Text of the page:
2. I haven't tried Vanish into Memory yet. I've seen people post scenarios where it is good to great, but I have a nagging feeling that it'll turn out to be a dead card from time to time when there is no good target on the board. At least Careful Consideration is reliable.
3. With 4x Mulldrifter, you'll have a solid foundation of card draw. I'd prefer a little more, but I suppose Momentary Blink can provide card advantage in its own way.
4. I love Pact of Negation in the control matchup. Against aggro, it can be useful at times, and dead at other times. Again, it depends on what you expect to play against most.

You are right about Mirror Entity not being "useless". It wasn't the word I intended to write, but the closest I could find at the time. The best would probably be "supoptimal".
Thanks for the feedback avenged_sixfold and haploid. As I will be playing in an unknown meta, I think it might be safer to stay with 4 Wraths. I am going to do some more testing with Vanish into Memory, and if it doesn't seem like it is working I may use those slots to try to help fit in vensers and/or sowers, or I may try 2 maindeck pacts.

If I come up with any useful insight I will let you know. I might post my list too after a bit more tweaking.
Why is it only me who has no trouble with Bitterblossom?

Seriously, I never have an issue with that card. In 90% of cases I win against a Bitterblossom deck (and it's more often than not), Faeries or no, I will have killed them with their own Bitterblossom. The Faeries matchup, for me, is problematic because of counterspells (although noone ever makes the counter-bounce play, because they're all whackjobs). Bitterblossom is either irrelevant or superfluous.
I played an incomplete reveillark deck last fnm, and because my careful considerations hadn't arrived with the mail, I bought a pair of Vanish From Memory and tried them.

But honestly, I didn't get 1 good play of them. Most of the time it was dead, and the rest of the time I sideboarded it out for remove soul. Now THATS a good card in many matchups!

When I was playtesting with careful consideration proxys, the times I resolved it, it feeled a bit like overkill, because my 4 mind stones and 4 mull drifters gave me enough cards (not to mention that most of the cards are kinda recurring with reveillark and momentary blink).
SO, I'm definatly going to try and take out the considerations for a pair of either: remove soul, pact of negation, oblivion ring or even cancel. Have been thinking about cryptic command too, and then adding calciform pools to my mana base to coop with the UUU.

Pumping up the counterspells, makes it a better MD matchup vs faeries, and an especially agains the mirror (which there are quite alot of in my meta).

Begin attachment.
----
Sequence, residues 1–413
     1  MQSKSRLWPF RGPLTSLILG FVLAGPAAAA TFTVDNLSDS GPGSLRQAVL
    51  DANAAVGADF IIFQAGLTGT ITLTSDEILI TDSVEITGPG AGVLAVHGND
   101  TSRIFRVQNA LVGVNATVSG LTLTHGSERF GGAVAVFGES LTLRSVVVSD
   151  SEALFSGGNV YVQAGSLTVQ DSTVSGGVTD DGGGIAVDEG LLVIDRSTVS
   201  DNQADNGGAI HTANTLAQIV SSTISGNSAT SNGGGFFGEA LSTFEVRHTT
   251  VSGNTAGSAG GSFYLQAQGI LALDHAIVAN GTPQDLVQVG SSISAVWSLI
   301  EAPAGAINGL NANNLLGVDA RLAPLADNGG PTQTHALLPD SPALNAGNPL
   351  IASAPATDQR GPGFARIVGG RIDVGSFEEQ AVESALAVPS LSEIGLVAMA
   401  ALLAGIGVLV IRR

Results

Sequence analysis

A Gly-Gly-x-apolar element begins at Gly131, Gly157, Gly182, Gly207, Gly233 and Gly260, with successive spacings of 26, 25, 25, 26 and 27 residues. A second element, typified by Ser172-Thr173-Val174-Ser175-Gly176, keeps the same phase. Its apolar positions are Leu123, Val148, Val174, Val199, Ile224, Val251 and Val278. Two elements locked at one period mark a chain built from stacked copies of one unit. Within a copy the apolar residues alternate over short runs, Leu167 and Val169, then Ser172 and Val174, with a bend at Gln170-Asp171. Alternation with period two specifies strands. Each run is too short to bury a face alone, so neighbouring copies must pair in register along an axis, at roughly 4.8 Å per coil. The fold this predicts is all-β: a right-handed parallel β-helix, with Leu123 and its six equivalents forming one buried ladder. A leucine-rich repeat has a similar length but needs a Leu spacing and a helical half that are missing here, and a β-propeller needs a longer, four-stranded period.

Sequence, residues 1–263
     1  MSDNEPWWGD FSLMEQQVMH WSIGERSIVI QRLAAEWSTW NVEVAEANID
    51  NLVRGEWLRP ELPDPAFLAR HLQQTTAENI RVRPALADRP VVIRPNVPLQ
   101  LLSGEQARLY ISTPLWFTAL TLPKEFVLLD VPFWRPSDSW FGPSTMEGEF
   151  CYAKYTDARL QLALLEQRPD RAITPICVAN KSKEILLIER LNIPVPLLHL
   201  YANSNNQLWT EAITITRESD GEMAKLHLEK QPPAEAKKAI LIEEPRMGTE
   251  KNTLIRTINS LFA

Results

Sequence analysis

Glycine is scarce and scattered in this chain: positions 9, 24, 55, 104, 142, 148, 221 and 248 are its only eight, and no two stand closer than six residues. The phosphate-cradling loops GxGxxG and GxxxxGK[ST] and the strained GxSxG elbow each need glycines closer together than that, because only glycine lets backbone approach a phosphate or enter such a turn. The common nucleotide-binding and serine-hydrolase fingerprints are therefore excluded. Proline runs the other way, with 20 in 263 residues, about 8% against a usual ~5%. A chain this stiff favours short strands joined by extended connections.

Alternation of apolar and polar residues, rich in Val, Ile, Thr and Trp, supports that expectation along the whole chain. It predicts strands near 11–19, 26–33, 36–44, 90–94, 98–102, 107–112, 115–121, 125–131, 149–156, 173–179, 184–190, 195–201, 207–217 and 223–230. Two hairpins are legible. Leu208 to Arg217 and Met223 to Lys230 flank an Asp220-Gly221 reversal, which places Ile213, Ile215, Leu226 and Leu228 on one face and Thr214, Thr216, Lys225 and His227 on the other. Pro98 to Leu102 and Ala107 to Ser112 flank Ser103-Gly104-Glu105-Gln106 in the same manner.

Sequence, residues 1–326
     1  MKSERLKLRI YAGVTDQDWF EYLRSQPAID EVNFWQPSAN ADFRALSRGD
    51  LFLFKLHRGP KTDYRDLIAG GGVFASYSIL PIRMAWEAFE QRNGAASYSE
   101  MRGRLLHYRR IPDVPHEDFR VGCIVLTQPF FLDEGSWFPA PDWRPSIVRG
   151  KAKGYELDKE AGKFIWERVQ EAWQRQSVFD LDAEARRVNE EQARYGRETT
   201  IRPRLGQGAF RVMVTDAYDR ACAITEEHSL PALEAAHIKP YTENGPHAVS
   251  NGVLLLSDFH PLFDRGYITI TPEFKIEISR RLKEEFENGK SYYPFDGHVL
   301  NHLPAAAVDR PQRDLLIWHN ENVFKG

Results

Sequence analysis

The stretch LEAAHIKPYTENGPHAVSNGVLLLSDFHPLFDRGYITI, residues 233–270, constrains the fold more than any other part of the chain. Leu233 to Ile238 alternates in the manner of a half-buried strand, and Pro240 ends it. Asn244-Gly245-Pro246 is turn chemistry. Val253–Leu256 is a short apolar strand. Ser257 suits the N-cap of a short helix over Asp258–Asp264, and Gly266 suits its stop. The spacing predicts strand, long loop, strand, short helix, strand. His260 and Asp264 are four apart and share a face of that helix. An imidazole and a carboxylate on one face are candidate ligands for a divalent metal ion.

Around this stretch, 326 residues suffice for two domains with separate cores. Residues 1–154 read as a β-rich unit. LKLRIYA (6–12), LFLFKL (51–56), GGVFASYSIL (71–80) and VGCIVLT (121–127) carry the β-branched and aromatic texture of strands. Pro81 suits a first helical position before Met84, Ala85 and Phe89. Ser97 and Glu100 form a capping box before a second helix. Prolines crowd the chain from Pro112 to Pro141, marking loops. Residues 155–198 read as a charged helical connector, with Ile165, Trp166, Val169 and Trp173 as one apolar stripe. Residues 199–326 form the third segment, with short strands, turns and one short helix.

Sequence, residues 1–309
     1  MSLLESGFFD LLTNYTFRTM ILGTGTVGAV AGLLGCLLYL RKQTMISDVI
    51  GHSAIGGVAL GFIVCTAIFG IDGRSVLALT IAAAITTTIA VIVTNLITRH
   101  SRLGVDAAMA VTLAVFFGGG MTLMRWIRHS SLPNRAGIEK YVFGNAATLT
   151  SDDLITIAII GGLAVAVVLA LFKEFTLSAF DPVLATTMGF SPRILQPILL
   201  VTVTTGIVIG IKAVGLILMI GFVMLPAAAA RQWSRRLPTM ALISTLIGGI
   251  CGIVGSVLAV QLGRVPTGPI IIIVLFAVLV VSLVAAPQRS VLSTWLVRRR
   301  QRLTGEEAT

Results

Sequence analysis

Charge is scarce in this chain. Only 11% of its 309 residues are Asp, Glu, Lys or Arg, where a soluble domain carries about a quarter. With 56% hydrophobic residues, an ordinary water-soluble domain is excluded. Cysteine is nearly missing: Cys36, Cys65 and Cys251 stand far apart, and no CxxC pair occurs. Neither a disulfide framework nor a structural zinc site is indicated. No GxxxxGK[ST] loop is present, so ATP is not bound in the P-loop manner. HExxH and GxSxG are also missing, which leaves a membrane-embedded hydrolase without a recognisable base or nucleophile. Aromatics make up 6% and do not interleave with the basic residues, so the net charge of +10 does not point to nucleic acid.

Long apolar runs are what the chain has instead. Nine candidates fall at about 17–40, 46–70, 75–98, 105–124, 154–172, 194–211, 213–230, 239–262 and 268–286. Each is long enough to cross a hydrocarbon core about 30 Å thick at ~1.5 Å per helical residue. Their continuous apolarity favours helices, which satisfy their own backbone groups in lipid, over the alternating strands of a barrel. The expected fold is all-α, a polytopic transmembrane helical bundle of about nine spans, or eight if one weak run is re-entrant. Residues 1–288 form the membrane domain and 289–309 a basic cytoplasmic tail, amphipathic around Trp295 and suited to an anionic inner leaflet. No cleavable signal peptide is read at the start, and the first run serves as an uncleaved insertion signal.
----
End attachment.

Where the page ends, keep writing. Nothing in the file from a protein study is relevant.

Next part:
What do you think is the best replacement for careful consideration ?

Oh, I took 2nd place, with 3-0-1 :D
Why is it only me who has no trouble with Bitterblossom?

Seriously, I never have an issue with that card. In 90% of cases I win against a Bitterblossom deck (and it's more often than not), Faeries or no, I will have killed them with their own Bitterblossom. The Faeries matchup, for me, is problematic because of counterspells (although noone ever makes the counter-bounce play, because they're all whackjobs). Bitterblossom is either irrelevant or superfluous.

BUt only half their counters that don't cost 4 mana or only relevant if they have the tokens produced by bitterblossom on the table.

And it also makes their counter strategy relevant by putting a clock down that doesn't use mana past turn 2.
I'd like to see some mention of splashing for Red. Avalanche Riders alone make it worthwhile.

I'm afraid I haven't quite made up my mind about alternate color builds, so I wouldn't know what to write. All I can think of really is that you're stretching your mana base, possibly to the point where it becomes too unreliable. Although I am very intrigued by adding or splashing red. It adds a little explosiveness to the mixture.

What matchups would be improved by adding Avalanche Riders? Obviously the mirror won't like seeing land destruction against it. How about other matchups?

And it also makes their counter strategy relevant by putting a clock down that doesn't use mana past turn 2.

You describe the exact scenario I played a few days ago. My opponent resolved a turn 2 Bitterblossom, and just rode it to victory whilst countering every single card I attempted to play. Well, except for a single Mindstone on the turn directly after his Bitterblossom. ;)